- Artificial Neural Network Tutorial
- Artificial Neural Network - Home
- Basic Concepts
- Building Blocks
- Learning & Adaptation
- Supervised Learning
- Unsupervised Learning
- Learning Vector Quantization
- Adaptive Resonance Theory
- Kohonen Self-Organizing Feature Maps
- Associate Memory Network
- Hopfield Networks
- Boltzmann Machine
- Brain-State-in-a-Box Network
- Optimization Using Hopfield Network
- Other Optimization Techniques
- Genetic Algorithm
- Applications of Neural Networks

- Artificial Neural Network Resources
- Quick Guide
- Useful Resources
- Discussion

- Selected Reading
- UPSC IAS Exams Notes
- Developer's Best Practices
- Questions and Answers
- Effective Resume Writing
- HR Interview Questions
- Computer Glossary
- Who is Who

Gradient descent, also known as the steepest descent, is an iterative optimization algorithm to find a local minimum of a function. While minimizing the function, we are concerned with the cost or error to be minimized (Remember Travelling Salesman Problem). It is extensively used in deep learning, which is useful in a wide variety of situations. The point here to be remembered is that we are concerned with local optimization and not global optimization.

We can understand the main working idea of gradient descent with the help of the following steps −

First, start with an initial guess of the solution.

Then, take the gradient of the function at that point.

Later, repeat the process by stepping the solution in the negative direction of the gradient.

By following the above steps, the algorithm will eventually converge where the gradient is zero.

Suppose we have a function ** f(x)** and we are trying to find the minimum of this function. Following are the steps to find the minimum of

First, give some initial value $x_{0}\:for\:x$

Now take the gradient $\nabla f$ of function, with the intuition that the gradient will give the slope of the curve at that

**x**and its direction will point to the increase in the function, to find out the best direction to minimize it.Now change x as follows −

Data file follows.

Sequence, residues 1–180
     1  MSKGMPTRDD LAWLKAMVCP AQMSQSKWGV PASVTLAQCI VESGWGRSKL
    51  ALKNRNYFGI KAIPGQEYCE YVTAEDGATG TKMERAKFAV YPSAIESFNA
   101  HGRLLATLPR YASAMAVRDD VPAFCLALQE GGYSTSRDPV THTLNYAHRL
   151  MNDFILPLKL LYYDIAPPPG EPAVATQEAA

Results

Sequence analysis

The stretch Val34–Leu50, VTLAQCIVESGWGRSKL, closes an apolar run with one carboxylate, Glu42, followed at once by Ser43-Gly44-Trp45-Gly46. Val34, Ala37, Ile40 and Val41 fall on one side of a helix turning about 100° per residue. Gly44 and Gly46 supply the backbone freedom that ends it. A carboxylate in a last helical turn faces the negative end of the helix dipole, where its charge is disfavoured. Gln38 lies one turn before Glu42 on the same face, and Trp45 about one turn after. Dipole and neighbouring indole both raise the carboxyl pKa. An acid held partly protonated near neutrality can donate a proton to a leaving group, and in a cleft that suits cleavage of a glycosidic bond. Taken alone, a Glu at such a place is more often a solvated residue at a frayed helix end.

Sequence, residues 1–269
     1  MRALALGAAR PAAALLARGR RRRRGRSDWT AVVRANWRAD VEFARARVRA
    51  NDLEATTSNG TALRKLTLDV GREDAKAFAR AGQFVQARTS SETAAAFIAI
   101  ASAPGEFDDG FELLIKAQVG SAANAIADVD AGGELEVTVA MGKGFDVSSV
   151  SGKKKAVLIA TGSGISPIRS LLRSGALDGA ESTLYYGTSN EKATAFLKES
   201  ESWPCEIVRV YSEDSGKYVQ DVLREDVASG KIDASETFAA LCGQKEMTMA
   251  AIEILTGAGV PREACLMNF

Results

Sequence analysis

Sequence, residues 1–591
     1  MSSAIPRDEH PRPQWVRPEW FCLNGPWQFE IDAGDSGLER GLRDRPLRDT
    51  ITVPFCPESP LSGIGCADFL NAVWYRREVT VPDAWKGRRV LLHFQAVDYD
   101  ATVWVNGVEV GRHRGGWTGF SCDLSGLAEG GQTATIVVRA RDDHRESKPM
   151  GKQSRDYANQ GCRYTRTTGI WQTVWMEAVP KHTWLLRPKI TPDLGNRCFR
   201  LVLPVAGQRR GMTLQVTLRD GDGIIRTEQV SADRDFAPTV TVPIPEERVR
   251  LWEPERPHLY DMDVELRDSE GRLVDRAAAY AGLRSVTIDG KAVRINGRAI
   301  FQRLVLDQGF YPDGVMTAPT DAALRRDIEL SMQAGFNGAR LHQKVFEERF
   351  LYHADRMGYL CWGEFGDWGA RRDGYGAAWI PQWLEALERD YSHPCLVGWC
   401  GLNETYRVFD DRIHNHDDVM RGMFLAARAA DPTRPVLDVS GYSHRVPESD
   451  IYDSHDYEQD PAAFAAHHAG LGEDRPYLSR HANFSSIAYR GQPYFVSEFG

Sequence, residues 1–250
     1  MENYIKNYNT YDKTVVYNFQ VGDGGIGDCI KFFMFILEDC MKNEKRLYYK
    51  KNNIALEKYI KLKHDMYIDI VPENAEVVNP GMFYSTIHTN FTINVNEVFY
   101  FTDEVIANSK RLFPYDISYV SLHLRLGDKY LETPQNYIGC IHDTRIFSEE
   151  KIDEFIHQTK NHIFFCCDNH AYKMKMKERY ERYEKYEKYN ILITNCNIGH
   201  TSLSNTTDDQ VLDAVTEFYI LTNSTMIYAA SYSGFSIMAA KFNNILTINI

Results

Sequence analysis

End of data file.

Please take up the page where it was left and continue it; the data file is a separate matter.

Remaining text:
$$x_{n\:+\:1}\:=\:x_{n}\:-\:\theta \nabla f(x_{n})$$

Here, **θ > 0** is the training rate (step size) that forces the algorithm to take small jumps.

Actually a wrong step size **θ** may not reach convergence, hence a careful selection of the same is very important. Following points must have to be remembered while choosing the step size

Do not choose too large step size, otherwise it will have a negative impact, i.e. it will diverge rather than converge.

Do not choose too small step size, otherwise it take a lot of time to converge.

Some options with regards to choosing the step size −

One option is to choose a fixed step size.

Another option is to choose a different step size for every iteration.

The basic concept of Simulated Annealing (SA) is motivated by the annealing in solids. In the process of annealing, if we heat a metal above its melting point and cool it down then the structural properties will depend upon the rate of cooling. We can also say that SA simulates the metallurgy process of annealing.

SA is a stochastic computational method, inspired by Annealing analogy, for approximating the global optimization of a given function. We can use SA to train feed-forward neural networks.

**Step 1** − Generate a random solution.

**Step 2** − Calculate its cost using some cost function.

**Step 3** − Generate a random neighboring solution.

**Step 4** − Calculate the new solution cost by the same cost function.

**Step 5** − Compare the cost of a new solution with that of an old solution as follows −

If **Cost _{New Solution} < Cost_{Old Solution}** then move to the new solution.

**Step 6** − Test for the stopping condition, which may be the maximum number of iterations reached or get an acceptable solution.

Advertisements